It is cloudy and dreary nearly every day. We had one day of sunshine this week and it was glorious. True, it only lasted half the day but man, those blue skies were awesome!
Now don’t get me wrong, much of the larger cities in Denmark have great food options. There just isn’t quite the food variety in our area, especially for restaurants. I also have to translate labels a lot to make sure I’m getting the right ingredient for anything I make at home. There are some certain items I have had trouble locating here. The peanut butter is also not the same as the States (less sugar issue).
Foods we miss:
-Pepper Jack Cheese
This hasn’t been a huge issue but I’ve had a few instances where I couldn’t convey my point to someone due to the language difference. It would be nice to just pick of the phone and speak clearly to the person on the other end.
The Healthcare (the bad)
There is little to no bedside manner. I think it has a lot to do with the system here compared to the USA. Doctors do the appointments quickly and efficiently. Medicine is seen as a last option (which isn’t always bad). However, I typically feel rushed and not always heard. Our doctor back in the USA had excellent bedside manner. I felt listened to and that all concerns of mine were addressed without judgement. I didn’t feel as rushed there.
Online Grocery Shopping
I miss it. A lot.
The husband and girls miss the snow (I may miss it just a little). We do miss our winter sports like snowmobiling, sledding and snowball fights. Claire will hear from a relative they got snow and she’ll always comment on how much she misses it.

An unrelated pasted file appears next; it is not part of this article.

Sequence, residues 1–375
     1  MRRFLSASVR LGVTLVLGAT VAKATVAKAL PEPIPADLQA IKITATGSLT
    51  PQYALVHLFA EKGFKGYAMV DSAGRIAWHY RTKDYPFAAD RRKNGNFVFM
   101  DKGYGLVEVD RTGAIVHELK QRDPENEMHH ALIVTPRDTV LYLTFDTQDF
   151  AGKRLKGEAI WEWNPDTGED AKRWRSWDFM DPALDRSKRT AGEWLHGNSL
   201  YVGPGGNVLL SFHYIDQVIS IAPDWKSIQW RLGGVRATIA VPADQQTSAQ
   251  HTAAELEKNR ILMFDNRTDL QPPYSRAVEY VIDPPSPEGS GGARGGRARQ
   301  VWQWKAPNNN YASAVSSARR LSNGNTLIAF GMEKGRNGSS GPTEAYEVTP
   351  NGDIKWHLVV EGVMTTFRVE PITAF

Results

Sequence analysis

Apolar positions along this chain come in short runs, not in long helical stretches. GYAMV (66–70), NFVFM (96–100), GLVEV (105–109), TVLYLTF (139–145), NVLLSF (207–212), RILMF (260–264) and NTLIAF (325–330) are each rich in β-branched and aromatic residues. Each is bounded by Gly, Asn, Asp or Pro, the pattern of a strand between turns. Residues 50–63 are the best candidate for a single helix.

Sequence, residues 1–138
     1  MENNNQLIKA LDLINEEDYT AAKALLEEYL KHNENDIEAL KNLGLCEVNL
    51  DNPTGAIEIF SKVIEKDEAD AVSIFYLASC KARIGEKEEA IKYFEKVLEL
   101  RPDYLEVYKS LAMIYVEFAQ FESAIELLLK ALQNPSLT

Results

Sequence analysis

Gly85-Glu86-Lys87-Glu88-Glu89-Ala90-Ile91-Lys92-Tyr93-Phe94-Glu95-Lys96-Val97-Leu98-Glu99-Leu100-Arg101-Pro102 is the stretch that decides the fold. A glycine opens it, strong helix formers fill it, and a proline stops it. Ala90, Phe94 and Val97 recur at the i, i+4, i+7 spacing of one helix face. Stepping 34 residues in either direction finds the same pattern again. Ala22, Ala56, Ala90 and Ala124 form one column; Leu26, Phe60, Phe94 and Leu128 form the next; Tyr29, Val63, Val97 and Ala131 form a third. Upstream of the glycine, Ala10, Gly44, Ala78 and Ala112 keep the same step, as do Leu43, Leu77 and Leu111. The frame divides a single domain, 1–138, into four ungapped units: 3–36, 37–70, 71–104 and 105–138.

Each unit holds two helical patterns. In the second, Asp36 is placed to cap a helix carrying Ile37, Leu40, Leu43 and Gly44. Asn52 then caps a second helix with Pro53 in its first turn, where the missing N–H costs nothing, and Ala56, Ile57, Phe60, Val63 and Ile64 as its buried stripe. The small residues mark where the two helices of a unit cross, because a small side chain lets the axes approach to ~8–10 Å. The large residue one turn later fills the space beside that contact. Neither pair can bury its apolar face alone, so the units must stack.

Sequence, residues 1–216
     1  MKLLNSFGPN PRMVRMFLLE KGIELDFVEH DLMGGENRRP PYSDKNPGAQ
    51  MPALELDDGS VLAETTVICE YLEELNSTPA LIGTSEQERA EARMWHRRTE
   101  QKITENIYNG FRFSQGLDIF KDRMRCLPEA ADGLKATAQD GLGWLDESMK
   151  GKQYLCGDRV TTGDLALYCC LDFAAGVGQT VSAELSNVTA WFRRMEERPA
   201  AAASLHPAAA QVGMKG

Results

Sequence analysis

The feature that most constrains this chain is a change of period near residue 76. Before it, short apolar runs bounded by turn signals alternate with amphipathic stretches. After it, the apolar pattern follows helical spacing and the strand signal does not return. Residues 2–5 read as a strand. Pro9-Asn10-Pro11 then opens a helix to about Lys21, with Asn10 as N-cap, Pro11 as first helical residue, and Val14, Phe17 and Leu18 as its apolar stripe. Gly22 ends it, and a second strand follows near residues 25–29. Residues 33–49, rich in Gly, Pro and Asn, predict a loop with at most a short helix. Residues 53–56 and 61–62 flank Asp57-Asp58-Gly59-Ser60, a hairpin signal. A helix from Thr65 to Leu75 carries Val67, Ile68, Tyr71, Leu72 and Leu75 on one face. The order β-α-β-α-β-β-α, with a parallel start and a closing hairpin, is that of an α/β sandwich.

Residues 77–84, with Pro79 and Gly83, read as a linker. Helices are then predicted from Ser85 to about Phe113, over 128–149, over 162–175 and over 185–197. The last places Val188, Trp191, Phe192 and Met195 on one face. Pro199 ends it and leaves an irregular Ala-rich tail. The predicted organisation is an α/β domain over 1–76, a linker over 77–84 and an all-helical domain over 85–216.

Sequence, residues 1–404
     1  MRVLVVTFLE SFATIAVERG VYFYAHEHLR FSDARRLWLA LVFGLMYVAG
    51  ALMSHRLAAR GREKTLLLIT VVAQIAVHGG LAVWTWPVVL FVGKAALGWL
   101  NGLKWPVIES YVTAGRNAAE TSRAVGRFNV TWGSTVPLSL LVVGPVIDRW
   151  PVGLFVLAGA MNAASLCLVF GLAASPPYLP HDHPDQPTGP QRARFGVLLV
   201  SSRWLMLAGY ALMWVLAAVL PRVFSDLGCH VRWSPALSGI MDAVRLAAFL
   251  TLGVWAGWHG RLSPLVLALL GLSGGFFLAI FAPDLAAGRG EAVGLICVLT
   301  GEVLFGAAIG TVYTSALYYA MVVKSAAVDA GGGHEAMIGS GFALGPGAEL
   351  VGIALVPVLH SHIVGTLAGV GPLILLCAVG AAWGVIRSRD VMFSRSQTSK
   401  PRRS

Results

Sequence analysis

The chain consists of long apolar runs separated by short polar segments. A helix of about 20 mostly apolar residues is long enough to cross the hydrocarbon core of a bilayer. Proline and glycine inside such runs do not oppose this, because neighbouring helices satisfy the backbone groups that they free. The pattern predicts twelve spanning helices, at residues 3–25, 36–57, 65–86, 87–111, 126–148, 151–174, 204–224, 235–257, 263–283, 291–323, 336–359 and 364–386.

The Danish Language
It is hard! The letter “d” is either said, ignored or made into a soft “l” sound. “G”s are a whole other story. Look up glottal stop. That’s fun too. Another fun example: “Vi tog to tog.” Those t-words are all pronounced about the same but translate to “We took two trains.” *sigh* Danish is listed as one of the hardest languages to learn by Babbel Magazine. We’ll get it…it just may take a while.
There are days I miss my job back in the States. It does get old doing the same chores in the house from one day to the next. I also loved what I did in Iowa. I miss using those skills to forecast major weather events and sharing them with the public.
Do the cons outweigh the pros? Absolutely not. We are happy and healthy and we’re together. Home is where the heart is, right? It’s a wonderful adventure for us to experience as a family. I think we will be able to survive the next year or two.